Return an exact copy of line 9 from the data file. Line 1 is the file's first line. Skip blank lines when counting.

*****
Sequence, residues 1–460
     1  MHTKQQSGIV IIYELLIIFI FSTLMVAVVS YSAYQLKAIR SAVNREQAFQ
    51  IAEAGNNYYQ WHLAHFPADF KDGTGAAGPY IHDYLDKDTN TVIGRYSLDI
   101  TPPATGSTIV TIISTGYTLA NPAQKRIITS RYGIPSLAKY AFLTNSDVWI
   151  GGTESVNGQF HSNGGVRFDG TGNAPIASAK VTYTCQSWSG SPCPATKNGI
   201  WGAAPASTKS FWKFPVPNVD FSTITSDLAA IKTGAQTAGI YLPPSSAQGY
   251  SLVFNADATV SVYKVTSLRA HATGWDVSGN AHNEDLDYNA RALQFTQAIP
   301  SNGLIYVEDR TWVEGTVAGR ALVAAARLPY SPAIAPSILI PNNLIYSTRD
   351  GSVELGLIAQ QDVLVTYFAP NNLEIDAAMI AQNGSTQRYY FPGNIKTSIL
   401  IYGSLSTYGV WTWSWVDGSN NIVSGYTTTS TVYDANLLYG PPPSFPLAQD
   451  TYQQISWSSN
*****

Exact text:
   351  GSVELGLIAQ QDVLVTYFAP NNLEIDAAMI AQNGSTQRYY FPGNIKTSIL